The "Fast and Furious" franchise has evolved from films featuring hot cars and hot babes to having some of the most heart-stopping stunts you'll find at theaters.
One of the men responsible for making those scenes look as realistic as possible is 30-year stunt veteran Spiro Razatos.
"For the fourth film ("Fast & Furious") they kind of relied too much on CGI," Razatos told Business Insider. "So they realized they wanted to do less. That's what I do."
Razatos is responsible for some of the most jaw-dropping sequences from the franchise including when Dom (Vin Diesel), Brian (Paul Walker), and the rest of the crew dragged a giant bank vault through the busy streets of Rio de Janeiro in "Fast Five."
He also worked on the duel with a tank in "Fast and Furious 6."
In both sequences, very little CGI was included, using real vaults and tanks to pull it off.
With fans starving for more, "Furious 7" director James Wan and the producers once again came to Razatos to take on the franchise's most insane sequence yet.
They called it the "air drop."
The idea was to have a sequence in the film in which Dom and company in their souped-up cars drop from a plane high above Colorado and parachute into the mountains below.
"When I first read [the script] it was, 'cars drop and they kidnap this girl and they get away on the road,' that was it," Razatos recalls.
The producers assumed the sequence would have to rely heavily on special effects, but Razatos had other plans.
"I said let's really go for it and make the effort because I want this whole sequence to feel real, that's what the audience expects," he said.
The stunt took months of prep time to solve problems. Cameras needed to be mounted onto cars in a way that they wouldn't be destroyed when the cars landed, and the crew needed a safe way to get the cars out of the plane.
"What if one of them gets stuck coming out of the plane?" said Razatos. "How is the plane going to land when you have a car dangling outside of it?"
They finally were able to do a "dry run," with a single car falling out of a plane. But some on the film weren't impressed by the raw footage.
"It was 20 minutes and the cameras weren't placed where they should be," Razatos recalls. "I remember telling the guys, 'ignore this, this is just a test.'"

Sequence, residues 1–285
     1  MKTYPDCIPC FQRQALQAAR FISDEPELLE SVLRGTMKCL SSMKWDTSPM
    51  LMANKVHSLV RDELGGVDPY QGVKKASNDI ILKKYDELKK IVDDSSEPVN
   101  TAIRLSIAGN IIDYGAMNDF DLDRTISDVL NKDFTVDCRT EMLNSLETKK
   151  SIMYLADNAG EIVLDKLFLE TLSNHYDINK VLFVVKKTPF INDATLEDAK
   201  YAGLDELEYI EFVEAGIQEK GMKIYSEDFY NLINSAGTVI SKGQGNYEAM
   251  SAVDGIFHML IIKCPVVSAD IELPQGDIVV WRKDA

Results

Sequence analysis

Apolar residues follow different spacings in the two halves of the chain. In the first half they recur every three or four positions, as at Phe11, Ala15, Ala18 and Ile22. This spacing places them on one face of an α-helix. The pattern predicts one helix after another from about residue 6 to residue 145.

With a green light, shooting took place in Colorado with two airplane runs, flying at 12,000 feet, that would drop two cars apiece.
Over 10 cameras were used for the sequence. In addition to cameras on the ground, there were cameras remotely operated inside the plane and another three mounted outside each car. Additional cameras were on a helicopter where Razatos was stationed watching monitors and listening to the radio chatter. Three skydivers used in the shoot wore helmet cams.
Skydivers would either jump out before cars or after them.
"I didn't realize how intense it would be," Razatos admits now.
"Sometimes a piece of debris would come off the car, so skydivers had to watch out for that," he added. "I'm in a helicopter and I want to get in close for the shots but you have to watch out because of the helicopter blades."
There were also spotters keeping an eye on how close the cars were getting to the skydivers. "On the radio you'd hear people say, 'Skydiver, 200 feet you have a car gaining on your two o'clock,'" Razatos said.
Regardless of all the safety precautions, accidents can happen. Razatos says in one of the runs a skydiver lost his footing getting out of the plane and bounced off the rear exit hatch on his way out of the plane. Not the most graceful of jumps, but Razatos said he was fine.
When one car landed, its parachute caught an air pocket and was carrying the car to the freeway. "I'm hearing on the radio the car is being dragged and it can't stop," said Razatos. "People were on motorcycles to get to the car; jumping on the car with knives to cut the parachute."
And then there's the one car of the four that didn't make it because its parachute didn't deploy. "That car got demolished," said Razatos. "You got to see what would happen if a car really dropped from that height."
Much of what Razatos and his 2nd unit team did on the day made it into the final cut of the movie. Some of it was enhanced to increase the look of the speed at which cars were diving. Shots of the actors in the cars were put in later. But, for the most part, Razatos' mission to do the scene as realistically as possible was a success.
"I started doing stunts when I was 10 years old making Super 8 movies. This feels like I'm back in those days," Razatos said about working on the "Fast and Furious" films.
Thinking back on the "air drop" sequence he admits, "That's going to be hard to top."
Here's a behind-the-scenes look at how the sequence was done:
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